Genetic diversity of Aegilops L. species from Azerbaijan and Georgia using SSR markers
- 292 Downloads
Five microsatellite (SSR) markers were used to evaluate the genetic diversity of six Aegilops species from Azerbaijan and Georgia. A total of 39 alleles were generated with an average of 7.8 alleles per primer. Twenty markers were species-specific and 6 were accession-specific. The transferability of SSR markers across six species was 100%, with exception of gwm210. The mean polymorphism information content (PIC) and expected heterozygosity (He) values for the entire collection were 0.688 and 0.725, respectively. The average PIC value was the highest in Ae. biuncialis accessions (0.55). The genetic distance (GD) indices, based on five SSR markers, ranged from 0 to 0.83, with a mean value of 0.47. The highest genetic similarity was noted between Ae. neglecta and Ae. triuncialis (GD = 0.26), and the lowest between Ae. neglecta and Ae. tauschii (GD = 0.66). The dendrogram created based on SSR data grouped 72 Aegilops accessions into six clusters according to their taxonomic classification. The accessions from the same province were often placed in the same subclusters, indicating that grouping based on genetic parameters was closely related to the geographic region within countries. The PCoA analysis could differentiate Aegilops accessions according to their species and confirmed subgrouping obtained by cluster analysis.
KeywordsAegilops Species SSR Genetic diversity Genetic relationship
Funding was provided by Norman Borlaug Fellowship, Fulbright fellowship.
Compliance with ethical standards
Conflict of interest
The authors declare that they have no conflict of interest.
- Abbasov M, Akparov Z, Gross T, Babayeva S, Izzatullayeva V, Hajiye E, Rustamov K, Gross P, Tekin M, Akar T, Chao S (2018) Genetic relationship of diploid wheat (Triticum spp.) species assessed by SSR markers. Genet Resour Crop Evol:1–13Google Scholar
- Aliyev RT, Abbasov MA, Mammadov AC (2007) Genetic identification of diploid and tetraploid wheat species with RAPD markers. Turk J Biol 31(3):173–180Google Scholar
- Alnaddaf LM, Moualla MY, Haider N (2012) The Genetic Relationships among Aegilops L. and Triticum L. species. Asian J Agric Sci 4(5):352–367Google Scholar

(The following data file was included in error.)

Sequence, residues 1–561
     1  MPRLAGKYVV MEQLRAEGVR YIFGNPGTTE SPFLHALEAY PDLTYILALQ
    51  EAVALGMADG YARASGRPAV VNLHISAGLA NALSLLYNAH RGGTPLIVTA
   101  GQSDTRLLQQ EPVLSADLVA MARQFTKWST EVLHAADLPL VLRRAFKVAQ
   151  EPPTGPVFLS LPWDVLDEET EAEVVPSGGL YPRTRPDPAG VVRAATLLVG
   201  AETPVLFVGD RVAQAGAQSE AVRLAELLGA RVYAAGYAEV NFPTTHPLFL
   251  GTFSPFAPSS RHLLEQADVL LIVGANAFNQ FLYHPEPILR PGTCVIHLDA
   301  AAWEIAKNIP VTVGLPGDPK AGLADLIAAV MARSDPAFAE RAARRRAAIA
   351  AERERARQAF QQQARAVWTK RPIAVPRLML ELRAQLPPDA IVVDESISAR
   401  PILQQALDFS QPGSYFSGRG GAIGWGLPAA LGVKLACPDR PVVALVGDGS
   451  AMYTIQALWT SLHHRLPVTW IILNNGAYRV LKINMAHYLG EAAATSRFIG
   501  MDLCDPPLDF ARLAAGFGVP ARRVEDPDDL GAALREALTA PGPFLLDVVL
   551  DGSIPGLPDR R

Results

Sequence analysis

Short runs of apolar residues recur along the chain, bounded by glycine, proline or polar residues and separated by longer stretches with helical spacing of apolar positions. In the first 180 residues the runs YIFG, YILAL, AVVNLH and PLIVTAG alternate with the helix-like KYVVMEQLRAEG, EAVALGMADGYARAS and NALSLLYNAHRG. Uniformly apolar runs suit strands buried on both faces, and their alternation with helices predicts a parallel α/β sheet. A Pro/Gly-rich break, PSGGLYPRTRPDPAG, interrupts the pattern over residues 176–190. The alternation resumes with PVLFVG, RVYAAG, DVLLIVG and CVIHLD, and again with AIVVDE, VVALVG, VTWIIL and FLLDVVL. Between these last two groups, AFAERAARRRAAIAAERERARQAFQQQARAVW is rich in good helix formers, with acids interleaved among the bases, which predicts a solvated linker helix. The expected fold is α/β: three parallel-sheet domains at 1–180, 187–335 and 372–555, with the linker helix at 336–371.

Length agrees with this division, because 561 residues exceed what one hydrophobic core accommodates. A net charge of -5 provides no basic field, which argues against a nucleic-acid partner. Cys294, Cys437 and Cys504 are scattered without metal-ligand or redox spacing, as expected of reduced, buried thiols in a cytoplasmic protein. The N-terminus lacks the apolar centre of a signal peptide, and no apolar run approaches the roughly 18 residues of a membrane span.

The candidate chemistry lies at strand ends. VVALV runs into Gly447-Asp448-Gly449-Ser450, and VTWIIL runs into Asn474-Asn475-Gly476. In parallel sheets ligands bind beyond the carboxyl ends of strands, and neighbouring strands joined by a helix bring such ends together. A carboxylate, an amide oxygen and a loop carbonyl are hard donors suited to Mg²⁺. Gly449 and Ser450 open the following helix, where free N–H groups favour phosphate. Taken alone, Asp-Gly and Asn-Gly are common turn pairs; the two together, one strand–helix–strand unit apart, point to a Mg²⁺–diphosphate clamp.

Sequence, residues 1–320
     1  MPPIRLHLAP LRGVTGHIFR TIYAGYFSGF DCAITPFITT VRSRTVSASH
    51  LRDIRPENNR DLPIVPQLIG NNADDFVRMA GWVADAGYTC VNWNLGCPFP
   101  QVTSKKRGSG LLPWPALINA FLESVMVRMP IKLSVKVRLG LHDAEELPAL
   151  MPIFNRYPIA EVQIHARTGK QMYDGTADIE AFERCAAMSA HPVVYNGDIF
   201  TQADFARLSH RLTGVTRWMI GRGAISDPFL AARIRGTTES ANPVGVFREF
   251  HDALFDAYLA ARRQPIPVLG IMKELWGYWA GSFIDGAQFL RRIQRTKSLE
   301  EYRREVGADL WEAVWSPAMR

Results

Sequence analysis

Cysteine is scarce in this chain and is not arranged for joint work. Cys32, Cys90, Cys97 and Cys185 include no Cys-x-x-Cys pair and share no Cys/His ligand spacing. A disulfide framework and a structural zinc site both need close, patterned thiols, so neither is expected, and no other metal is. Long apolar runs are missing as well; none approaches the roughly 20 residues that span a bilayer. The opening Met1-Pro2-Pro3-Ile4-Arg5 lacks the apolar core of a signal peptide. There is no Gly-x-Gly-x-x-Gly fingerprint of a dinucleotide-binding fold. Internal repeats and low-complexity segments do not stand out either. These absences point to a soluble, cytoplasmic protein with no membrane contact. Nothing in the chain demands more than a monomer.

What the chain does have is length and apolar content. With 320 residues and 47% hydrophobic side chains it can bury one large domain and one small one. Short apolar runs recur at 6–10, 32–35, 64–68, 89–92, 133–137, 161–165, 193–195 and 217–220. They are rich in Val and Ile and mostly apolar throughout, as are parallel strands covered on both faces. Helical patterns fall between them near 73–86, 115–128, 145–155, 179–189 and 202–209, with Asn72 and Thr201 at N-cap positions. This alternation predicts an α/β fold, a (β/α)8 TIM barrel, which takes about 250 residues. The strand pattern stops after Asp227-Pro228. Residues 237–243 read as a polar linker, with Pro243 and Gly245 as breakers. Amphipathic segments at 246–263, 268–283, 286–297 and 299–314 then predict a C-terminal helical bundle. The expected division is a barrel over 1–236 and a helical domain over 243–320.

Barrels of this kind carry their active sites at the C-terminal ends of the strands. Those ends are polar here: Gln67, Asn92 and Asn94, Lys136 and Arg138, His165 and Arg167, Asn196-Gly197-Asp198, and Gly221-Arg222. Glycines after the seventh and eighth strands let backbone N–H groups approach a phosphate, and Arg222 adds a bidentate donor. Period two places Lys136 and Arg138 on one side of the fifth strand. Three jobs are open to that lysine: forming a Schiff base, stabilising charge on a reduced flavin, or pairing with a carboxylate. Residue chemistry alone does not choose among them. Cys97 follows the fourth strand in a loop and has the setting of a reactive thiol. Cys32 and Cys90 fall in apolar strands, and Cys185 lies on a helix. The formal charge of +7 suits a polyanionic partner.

- Dvorak J, Luo MC, Yang ZL (1998) Genetic evidence on the origin of Triticum aestivum L. In: Damania AB, Valkoun J, Willcox G, Qualset CO (eds) The origins of agriculture and crop domestication. Proceedings of Harlan symposium. ICARDA, Aleppo, pp 235–251Google Scholar
- Gascuel O (1997) Concerning the NJ algorithm and its unweighted version, UNJ. In: Mathematical hierarchies and biology. DIMACS workshop, Series in Discrete Mathematics and Theoretical Computer Science. American Mathematical Society vol 37, pp 149–170Google Scholar
- Hedge SG, Valkoun J, Waines JG (2002) Genetic diversity in wild and weedy Aegilops, Amblyopyrum and Secale species: preliminary survey. Crop Sci 42:608–614Google Scholar
- Karaca M, Ince AG (2011) New non-redundant microsatellite and CAPS-microsatellite markers for cotton (Gossypium L.). Turk J Field Crops 16:172–178Google Scholar
- Karcicio M, Izbirak A (2003) Isozyme variations in some Aegilops L. and Triticum L. species collected from Central Anatolia. Turk J Bot 27(6):433–440Google Scholar
- Kilian B, Mammen K, Millet E, Sharma R, Graner A, Salamini F, Hammer K, Özkan H (2011) Aegilops. Wild crop relatives: genomic and breeding resources. Springer, Berlin, pp 1–76Google Scholar
- Naghavi MR, Aghaei MJ, Taleei AR, Omidi M, Hassani ME (2008) Genetic diversity of hexaploid wheat and three Aegilops species using microsatellite markers. https://ses.library.usyd.edu.au/bitstream/2123/3231/1/P028.pdf. Accessed 18 Nov 2018
- Perrier X, Jacquemoud-Collet JP (2006) DARwin software. http://darwin.cirad.fr/darwin. Accessed 18 Nov 2018
- Sears ER (1956) The transfer of leaf rust resistance from Aegilops umbellulata to wheat. Brookhaven Symp Biol 9:1–22Google Scholar
- Van Slageren MW (1994) Wild wheats: a monograph of Aegilops L. and Amblyopyrum (Jaub. & Spach) Eig (Poaceae). Agricultural University Papers, Wageningen, NetherlandsGoogle Scholar
- Zhang XY, Wang RRC, Dong YS (1996) RAPD polymorphisms in Aegilops geniculata Roth (Ae. ovata auct. non L.). Genet Resour Crop Evol 43:429–433Google Scholar